Category 1 – Teams working with patients, service users, carers, families and communities

This award recognises research and improvement teams who can demonstrate how they have worked with patients, services users, carers, families and communities to ensure that those on the receiving end of research and care influence the process and the end results.

This award is open to applied health research and improvement teams who can demonstrate a direct connection with the London CLAHRC programmes for example through being funded or affiliated, or subject to scrutiny in the CLAHRC governance structures.

Before entering, read and consider the following success criteria carefully

What the judging panel will be looking for:

1. Activity that has been designed and delivered with the input of patients and carers from as an early stage as possible

2. Attempts to involve and engage people who are less likely to be heard but have much to say for example children and young people, those with learning difficulties or sensory impairments and people from minority communities including carers

3. Reflection and a desire to improve the practice of patient and carer involvement moving it away from a tick-box exercise to a two-way learning process

Background information to help you prepare

Information about eligibility and how to nominate (Brian_Turley_Awards_Eligibility criteria)

Information about preparing a nomination (Brian_Turley_Awards_Nomination information)

Nomination Form (Brian_Turley_Awards_Nomination form)

Brian Turley Awards for Patient and Public Involvement

CLAHRC North Thames has joined colleagues at CLAHRC North West London (NWL) and CLAHRC South London to present the Brian Turley Awards for Patient and Carer Involvement

Winners have been announced! Click here to see who the winners and runners up were in each category

The three London CLAHRCS are proud to present these awards, created to celebrate and promote patient and carer involvement in healthcare research and improvement. The awards honour the memory of Brian Turley, a dedicated and committed patient advocate and disability rights campaigner who sadly died unexpectedly in February 2016.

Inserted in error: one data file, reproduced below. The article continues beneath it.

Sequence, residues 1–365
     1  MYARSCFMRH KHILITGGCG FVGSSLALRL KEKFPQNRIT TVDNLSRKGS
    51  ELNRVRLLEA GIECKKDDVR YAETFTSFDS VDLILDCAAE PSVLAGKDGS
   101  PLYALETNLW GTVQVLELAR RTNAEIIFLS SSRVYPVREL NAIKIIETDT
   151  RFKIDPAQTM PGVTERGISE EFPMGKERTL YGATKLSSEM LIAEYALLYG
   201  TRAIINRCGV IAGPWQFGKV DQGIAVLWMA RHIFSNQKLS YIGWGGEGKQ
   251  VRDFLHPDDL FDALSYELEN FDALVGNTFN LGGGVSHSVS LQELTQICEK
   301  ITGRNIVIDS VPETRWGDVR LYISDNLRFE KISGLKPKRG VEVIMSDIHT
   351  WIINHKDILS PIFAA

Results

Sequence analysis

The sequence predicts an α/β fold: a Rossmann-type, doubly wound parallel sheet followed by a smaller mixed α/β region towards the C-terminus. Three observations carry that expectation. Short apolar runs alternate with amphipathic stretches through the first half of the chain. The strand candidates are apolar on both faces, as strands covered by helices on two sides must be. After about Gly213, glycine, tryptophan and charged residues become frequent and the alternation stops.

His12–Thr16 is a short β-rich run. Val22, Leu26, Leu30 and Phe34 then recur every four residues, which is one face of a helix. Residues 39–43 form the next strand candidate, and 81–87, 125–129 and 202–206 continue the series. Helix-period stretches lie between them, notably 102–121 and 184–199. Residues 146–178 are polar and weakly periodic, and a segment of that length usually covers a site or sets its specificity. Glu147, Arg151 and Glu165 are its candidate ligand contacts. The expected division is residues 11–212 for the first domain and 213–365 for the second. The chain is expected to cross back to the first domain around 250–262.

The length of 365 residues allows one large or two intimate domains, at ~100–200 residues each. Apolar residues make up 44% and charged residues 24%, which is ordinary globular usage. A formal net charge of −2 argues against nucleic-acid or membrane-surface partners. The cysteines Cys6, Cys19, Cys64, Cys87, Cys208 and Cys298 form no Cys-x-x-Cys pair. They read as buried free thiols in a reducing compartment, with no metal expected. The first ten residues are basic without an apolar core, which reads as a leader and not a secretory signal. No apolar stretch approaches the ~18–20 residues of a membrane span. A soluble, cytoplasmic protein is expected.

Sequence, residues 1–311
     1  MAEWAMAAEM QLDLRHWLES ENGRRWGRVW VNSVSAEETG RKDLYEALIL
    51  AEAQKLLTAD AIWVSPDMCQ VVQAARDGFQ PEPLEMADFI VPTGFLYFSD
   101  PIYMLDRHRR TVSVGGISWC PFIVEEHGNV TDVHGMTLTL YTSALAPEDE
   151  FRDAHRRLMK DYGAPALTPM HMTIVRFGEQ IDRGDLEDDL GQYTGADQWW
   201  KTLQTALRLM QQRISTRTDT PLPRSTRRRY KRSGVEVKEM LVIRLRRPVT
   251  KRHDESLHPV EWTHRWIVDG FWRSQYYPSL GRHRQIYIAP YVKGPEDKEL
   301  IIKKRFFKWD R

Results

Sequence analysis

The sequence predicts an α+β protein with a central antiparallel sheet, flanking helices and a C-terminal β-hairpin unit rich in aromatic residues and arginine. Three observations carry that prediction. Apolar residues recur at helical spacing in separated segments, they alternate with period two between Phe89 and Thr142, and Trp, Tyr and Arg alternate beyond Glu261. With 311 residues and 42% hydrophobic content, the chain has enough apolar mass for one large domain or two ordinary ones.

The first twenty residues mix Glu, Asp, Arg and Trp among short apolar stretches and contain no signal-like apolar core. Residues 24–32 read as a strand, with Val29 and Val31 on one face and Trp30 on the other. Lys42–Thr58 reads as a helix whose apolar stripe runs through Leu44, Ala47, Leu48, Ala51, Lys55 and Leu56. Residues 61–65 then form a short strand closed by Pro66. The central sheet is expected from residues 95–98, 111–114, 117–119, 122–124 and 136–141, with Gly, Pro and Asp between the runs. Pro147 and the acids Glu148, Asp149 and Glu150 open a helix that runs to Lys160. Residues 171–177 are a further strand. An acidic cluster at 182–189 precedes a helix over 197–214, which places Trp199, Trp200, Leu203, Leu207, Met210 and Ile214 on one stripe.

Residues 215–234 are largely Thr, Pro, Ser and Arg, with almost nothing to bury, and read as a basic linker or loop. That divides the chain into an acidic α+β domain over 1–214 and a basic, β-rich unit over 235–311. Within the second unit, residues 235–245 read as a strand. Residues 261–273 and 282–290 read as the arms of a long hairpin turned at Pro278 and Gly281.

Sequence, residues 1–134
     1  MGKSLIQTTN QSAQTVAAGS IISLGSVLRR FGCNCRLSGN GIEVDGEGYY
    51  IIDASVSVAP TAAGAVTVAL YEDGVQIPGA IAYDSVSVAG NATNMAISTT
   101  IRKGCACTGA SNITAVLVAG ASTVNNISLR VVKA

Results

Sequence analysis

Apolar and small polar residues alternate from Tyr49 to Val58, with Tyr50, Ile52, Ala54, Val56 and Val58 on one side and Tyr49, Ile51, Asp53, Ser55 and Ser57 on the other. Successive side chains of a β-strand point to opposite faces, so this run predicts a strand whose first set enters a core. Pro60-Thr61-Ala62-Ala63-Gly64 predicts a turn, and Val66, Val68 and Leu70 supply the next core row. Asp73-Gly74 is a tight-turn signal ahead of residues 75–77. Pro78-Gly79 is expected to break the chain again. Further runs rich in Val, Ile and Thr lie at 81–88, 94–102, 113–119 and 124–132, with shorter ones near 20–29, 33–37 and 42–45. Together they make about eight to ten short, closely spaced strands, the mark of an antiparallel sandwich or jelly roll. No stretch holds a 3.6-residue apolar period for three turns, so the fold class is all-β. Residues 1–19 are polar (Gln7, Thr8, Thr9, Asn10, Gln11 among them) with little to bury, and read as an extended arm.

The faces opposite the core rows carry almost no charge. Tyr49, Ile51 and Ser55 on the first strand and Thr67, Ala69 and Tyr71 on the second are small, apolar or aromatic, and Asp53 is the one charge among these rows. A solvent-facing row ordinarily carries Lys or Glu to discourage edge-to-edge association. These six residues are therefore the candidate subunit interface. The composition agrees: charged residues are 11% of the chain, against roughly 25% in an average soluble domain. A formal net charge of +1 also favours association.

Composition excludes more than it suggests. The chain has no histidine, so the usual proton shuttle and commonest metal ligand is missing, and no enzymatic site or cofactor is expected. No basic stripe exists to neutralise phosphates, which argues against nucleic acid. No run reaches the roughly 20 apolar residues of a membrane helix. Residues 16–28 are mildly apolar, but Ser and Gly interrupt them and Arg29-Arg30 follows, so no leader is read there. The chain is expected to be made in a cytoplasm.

The awards honour the contribution of Brian Turley a tireless patient advocate and campaigner for disability rights

The awards aim to celebrate and promote patient and carer involvement in healthcare research and improvement – aiming to

  • Raise the profile of involvement
  • Showcase examples from practice
  • Promote reflection and shared learning
  • Discourage ‘tick box practice’

For all three awards, we welcome nominations from teams and individuals who are actively and currently involved or working with patients/carers and the wider community.

Winners will get the chance to work with artist Sandra Howgate to develop materials of their choice – a picture, flyer, poster or other graphic that represents their work

Read about last year’s winners

Closing date 12 Noon on Thursday 1st March 2018

Background information to help you prepare

Information about eligibility and how to nominate (Brian_Turley_Awards_Eligibility criteria)

Information about preparing a nomination (Brian_Turley_Awards_Nomination information)

Nomination Form (Brian_Turley_Awards_Nomination form)

The awards categories

Category 1 – Teams working with patients, service users, carers, families and communities

Category 2 – Early career researcher, including PhD students, service user researchers and members of CLAHRC Fellowship Programmes

Category 3 – Patient/Service User/Carer with influence

For more information contact:

Rachel Matthews – NIHR CLAHRC Northwest London r.matthews@imperial.ac.uk

07889 179 034